I'm attempting to design the after sales and also have the following use situation.

I've flight information from point One place to another and want to define a schema which assists different use cases.

I am looking for a great way to handle situation, when you will find stopover via points.

For e.g. flight route for any -> B really appears like this:

A -> C
C -> D
D -> B

so A -> B is a entity, however in turn, it's composed of countless legs.

My current design:

AirLeg table:

- id
- departure and arrival information
- viaPoints: BOOL

viaPoints table:

- id
- airLegId // FK into Airleg table
- similar departure and arrival information from airLeg table

// if viaPoints flag holds true in AirLeg table, viaPoints table could be queried for, using airLegId table to retrieve intermediaries.

It is possible to better way to cope with this ?

I figured I'll add the data I'm storing in regards to a one of the ways trip or segment:

  • AirLeg-id
  • Departure Airport terminal : FK into international airports
  • Arrival Airport terminal : FK into international airports
  • Departure timestamp (in departure city's local time)
  • Arrival timestamp (in arrival city's local time)
  • flight amount of this airleg: static value
  • flightId : FK into air carriers yielding air travel title and flight number
  • Baggage Policy : text
  • Misc (TEXT: Cancellation policy)

EDIT:

I added an associated question and i believe the response to this issue will need to focus on both needs.

If you will find multiple segments inside a trip, cost is determined for that complete trip and never individual segments

Similarly, the cost for any round trip is specified like a unit and never individual aspects of A->B and back, B->A.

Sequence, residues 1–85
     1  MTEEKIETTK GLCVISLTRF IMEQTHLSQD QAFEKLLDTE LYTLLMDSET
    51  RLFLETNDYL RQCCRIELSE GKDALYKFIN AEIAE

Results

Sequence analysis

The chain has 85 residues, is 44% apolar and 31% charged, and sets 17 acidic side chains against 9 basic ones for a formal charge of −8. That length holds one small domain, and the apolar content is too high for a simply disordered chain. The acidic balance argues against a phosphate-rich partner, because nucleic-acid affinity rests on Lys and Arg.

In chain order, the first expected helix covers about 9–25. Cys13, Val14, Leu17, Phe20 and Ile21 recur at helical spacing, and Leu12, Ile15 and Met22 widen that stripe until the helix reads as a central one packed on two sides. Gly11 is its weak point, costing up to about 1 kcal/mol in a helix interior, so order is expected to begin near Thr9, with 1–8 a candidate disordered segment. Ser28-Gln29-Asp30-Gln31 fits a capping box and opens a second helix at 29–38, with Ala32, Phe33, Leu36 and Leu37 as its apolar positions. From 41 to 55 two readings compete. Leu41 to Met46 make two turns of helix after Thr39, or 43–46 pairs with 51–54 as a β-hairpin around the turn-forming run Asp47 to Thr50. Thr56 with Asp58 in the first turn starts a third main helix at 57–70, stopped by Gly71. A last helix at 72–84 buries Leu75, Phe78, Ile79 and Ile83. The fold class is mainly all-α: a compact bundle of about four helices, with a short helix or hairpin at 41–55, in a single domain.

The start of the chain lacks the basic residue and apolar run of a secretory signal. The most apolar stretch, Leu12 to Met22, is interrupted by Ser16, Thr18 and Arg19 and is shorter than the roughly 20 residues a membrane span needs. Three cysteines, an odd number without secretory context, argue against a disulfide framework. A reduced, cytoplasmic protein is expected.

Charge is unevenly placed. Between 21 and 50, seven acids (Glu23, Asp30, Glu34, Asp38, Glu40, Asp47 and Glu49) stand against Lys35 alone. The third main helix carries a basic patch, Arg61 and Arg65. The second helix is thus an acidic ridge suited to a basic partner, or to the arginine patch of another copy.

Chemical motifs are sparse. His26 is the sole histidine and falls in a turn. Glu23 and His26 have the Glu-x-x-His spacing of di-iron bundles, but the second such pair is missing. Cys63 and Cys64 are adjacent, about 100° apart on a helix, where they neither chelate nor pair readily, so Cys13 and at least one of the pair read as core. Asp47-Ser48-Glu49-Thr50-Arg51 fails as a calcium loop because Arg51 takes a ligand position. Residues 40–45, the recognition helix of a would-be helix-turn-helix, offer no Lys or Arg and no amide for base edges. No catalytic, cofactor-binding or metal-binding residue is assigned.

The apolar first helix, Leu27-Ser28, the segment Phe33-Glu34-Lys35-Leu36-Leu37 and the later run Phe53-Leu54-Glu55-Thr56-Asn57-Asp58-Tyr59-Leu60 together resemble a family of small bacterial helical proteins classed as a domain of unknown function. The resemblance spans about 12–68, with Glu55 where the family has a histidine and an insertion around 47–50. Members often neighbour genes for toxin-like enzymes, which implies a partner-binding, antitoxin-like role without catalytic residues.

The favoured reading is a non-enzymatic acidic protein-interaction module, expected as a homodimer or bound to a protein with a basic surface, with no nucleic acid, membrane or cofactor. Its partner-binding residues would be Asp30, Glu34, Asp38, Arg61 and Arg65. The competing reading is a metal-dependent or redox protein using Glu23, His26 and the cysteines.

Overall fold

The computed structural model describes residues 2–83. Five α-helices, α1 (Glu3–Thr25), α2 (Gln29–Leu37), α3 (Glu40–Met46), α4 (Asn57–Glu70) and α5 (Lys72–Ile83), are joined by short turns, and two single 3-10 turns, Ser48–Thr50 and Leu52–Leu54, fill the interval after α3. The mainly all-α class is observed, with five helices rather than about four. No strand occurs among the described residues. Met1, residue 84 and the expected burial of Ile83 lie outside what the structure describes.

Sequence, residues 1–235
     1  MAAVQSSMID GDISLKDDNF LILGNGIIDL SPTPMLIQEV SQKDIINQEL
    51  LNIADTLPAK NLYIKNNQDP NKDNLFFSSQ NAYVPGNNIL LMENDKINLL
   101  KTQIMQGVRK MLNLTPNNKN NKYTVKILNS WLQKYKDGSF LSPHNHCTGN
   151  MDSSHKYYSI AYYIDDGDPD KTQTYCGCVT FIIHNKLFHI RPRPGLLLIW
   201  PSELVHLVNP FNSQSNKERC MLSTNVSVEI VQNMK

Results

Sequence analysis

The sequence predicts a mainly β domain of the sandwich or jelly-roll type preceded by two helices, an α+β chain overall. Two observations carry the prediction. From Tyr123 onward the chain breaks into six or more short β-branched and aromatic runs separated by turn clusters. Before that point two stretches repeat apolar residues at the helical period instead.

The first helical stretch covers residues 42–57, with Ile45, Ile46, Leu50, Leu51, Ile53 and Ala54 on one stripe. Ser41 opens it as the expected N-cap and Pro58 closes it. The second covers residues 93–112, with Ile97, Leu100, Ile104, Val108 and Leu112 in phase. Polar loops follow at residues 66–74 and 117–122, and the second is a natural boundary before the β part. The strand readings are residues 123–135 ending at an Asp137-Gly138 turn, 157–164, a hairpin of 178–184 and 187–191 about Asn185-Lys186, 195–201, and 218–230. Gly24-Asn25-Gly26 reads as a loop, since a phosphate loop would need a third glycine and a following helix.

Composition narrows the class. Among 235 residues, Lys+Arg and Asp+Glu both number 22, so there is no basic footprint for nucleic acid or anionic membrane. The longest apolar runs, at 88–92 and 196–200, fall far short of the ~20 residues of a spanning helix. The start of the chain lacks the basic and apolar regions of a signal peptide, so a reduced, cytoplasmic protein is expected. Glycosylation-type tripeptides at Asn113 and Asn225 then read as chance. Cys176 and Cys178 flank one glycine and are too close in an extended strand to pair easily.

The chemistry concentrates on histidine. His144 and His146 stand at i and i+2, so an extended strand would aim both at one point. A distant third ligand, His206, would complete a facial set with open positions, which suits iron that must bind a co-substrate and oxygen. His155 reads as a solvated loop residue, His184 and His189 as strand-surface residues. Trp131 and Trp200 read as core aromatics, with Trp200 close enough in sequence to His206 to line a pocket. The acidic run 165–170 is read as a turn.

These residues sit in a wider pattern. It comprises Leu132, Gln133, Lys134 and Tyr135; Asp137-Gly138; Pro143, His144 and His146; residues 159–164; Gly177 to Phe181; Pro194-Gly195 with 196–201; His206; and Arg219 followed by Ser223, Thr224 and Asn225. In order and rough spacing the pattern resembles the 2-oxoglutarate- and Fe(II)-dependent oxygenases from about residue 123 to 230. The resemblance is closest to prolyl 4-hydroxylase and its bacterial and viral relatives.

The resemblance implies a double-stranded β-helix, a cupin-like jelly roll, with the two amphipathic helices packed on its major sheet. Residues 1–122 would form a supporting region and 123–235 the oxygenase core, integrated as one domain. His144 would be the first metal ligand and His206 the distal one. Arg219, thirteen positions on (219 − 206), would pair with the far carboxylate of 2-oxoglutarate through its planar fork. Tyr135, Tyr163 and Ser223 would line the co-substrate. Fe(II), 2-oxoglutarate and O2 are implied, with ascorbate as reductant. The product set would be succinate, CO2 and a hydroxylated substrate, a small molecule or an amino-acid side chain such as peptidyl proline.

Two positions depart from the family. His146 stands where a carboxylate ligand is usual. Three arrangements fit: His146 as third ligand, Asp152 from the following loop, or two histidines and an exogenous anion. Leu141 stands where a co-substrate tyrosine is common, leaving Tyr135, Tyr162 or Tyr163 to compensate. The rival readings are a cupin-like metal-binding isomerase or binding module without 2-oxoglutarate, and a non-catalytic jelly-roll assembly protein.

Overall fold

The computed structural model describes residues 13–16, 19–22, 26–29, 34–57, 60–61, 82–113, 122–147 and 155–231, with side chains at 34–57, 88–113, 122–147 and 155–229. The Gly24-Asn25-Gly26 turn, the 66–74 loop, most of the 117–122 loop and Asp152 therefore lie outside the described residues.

I'd set it up such as this:

Journeys:

 - ID
 - Other info (billing, whatever)

Segments:

 - ID
 - JourneyID (FK)
 - departure, arrival, etc

As well as an additional view

Journeys_View

 - Journeys.*
 - First departure
 - Last arrival

I am attempting to patch together the 2 questions, and it is not totally obvious what for you to do - but It boils lower towards the following.

You possess an itinerary, the parent item. An "itinerary" has multiple legs (question: would you like to cope with multi-part itinerarys, e.g. "London->Paris->New You are able to->London"?). A trip includes a cost. The cost isn't the sum cost from the legs, because return outings are less costly than two one ways.

Itinerary
---------
ID
Price

Leg
----
Departure Airport : FK into airports
Arrival Airport : FK into airports
Departure timestamp (in departure city's local time)
Arrival timestamp (in arrival city's local time)
flight duration of this airleg: static value
flightId : FK into airlines yielding airline name and flight number
Baggage Policy : text
Misc (TEXT: Cancellation policy)

You can store cost inside a separate table - however, you only have to do that if cost changes individually of itinerary (e.g. when the cost on Monday is $100, as well as on Tuesday it's $200).

I'd encourage explore to make use of "magic numbers" inside your database schema - rather than getting the return leg be "-1", you need to let it rest NULL - there's no return leg. This will make your SQL a great deal simpler to see, and less error prone - you do not rely on designers recalling that "-1" means there is no return leg, -2 meaning there is a provisionally reserved leg etc.